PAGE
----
This year’s honorees have just been announced and they include David Lee King and Tim Spalding* — two people I’ve come to admire over the last year or more.** Congratulations David, Tim, and the rest of this year’s class. Considering that past winners include Helene Blowers, Meredith Farkas, Michael Stephens, Jessamyn West, etc., you’re in excellent company.

BTW: I’ve looked over the list but haven’t finished reading all the stories yet. The Library Journal site has the authoritative list, of course, but Jessamyn West’s annotated list is much easier to use: It includes real names!

* That’s Tim in the bottom right corner of the cover.
** On a personal note, I’ve been proud to know several of the movers and shakers from previous lists. They have each showed me nothing but friendliness, cooperation and service — just as they exemplified resourcefulness and innovation in their work. It’s no wonder they succeed.


Today’s front page

December 14, 2007

Curious what’s on the front page today? There’s a website that delivers the front pages of 600+ newspapers from all over the world with a mouseover. Simply run your mouse over a city dot on the Newseum map and you’ll see today’s front page of that city’s local paper in full color. Click the city dot and the front page becomes readable. It’s pretty slick.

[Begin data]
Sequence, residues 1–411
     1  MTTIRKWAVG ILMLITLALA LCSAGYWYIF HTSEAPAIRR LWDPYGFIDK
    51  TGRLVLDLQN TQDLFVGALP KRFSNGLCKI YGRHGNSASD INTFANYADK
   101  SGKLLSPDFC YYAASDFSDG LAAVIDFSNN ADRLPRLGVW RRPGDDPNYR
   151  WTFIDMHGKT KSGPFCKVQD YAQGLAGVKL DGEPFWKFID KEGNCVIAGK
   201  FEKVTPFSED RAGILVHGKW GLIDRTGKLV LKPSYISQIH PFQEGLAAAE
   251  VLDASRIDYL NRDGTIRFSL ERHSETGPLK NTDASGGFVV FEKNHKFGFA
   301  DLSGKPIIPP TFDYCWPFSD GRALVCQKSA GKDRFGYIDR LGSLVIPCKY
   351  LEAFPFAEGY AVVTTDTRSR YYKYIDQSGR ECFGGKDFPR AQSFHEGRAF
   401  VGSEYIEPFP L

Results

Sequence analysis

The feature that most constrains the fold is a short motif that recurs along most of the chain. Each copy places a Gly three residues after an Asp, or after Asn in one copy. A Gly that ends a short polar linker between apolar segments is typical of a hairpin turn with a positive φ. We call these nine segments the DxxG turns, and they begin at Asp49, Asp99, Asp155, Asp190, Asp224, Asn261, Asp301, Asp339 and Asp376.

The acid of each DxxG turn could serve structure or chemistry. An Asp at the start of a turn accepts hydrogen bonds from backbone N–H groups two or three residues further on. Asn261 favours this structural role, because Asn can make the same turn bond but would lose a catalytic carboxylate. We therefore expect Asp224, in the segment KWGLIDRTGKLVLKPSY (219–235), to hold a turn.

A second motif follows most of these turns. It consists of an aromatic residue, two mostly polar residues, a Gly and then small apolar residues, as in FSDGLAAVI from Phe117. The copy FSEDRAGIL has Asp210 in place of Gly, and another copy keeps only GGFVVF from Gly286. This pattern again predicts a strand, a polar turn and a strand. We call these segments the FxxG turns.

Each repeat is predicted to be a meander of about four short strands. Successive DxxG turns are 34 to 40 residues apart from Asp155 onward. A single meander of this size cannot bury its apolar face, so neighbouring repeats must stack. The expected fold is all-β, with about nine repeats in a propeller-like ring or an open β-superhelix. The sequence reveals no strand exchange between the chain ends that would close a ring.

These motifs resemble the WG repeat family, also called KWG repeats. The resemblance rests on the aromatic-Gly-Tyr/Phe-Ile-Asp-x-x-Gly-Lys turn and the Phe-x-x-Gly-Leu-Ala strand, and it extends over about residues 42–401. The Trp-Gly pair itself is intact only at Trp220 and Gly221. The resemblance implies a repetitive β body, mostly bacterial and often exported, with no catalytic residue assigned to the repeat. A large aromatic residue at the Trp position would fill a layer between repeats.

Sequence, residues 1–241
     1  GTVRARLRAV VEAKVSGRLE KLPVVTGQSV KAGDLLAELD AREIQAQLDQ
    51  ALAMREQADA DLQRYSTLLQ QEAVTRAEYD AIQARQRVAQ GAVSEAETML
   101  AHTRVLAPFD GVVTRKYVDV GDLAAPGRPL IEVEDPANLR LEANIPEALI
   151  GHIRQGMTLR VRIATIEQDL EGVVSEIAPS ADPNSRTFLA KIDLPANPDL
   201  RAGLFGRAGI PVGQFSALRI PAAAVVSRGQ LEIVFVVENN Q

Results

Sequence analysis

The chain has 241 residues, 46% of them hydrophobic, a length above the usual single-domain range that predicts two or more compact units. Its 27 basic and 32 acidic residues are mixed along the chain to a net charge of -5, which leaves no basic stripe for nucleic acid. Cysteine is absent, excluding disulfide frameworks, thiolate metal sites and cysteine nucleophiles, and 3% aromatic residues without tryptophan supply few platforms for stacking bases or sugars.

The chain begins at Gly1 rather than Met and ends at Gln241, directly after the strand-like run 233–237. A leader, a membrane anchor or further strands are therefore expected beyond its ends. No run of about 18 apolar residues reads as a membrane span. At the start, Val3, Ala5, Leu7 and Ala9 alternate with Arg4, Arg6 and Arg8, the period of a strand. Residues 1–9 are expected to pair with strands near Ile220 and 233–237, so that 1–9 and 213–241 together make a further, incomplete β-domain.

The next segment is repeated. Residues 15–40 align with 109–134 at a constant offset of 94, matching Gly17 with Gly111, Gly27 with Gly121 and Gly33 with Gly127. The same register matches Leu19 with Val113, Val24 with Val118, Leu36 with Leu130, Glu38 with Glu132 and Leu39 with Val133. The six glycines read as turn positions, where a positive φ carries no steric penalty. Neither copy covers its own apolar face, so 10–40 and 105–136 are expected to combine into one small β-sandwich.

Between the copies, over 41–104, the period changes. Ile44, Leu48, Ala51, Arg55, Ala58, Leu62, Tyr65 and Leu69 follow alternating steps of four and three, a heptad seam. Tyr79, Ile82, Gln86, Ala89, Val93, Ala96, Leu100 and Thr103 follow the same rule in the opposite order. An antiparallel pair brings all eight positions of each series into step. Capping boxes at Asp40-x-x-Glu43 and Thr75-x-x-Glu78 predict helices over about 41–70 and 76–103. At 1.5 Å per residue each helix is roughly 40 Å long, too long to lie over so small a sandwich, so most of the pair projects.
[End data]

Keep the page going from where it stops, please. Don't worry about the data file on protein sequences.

How will this impact all those newspaper resources we subscribe to at the library? This provides only the front page, of course, but with the extremely easy browsing map interface and the typical availability of a newspaper’s website for complete articles, will it satisfice our patrons?


Ten billion dollars for Facebook

September 25, 2007

We first saw the monetary value of a successful social web site a couple years ago when Google paid $1.6 billion for YouTube.  This week, Facebook was approximated at $10 billion.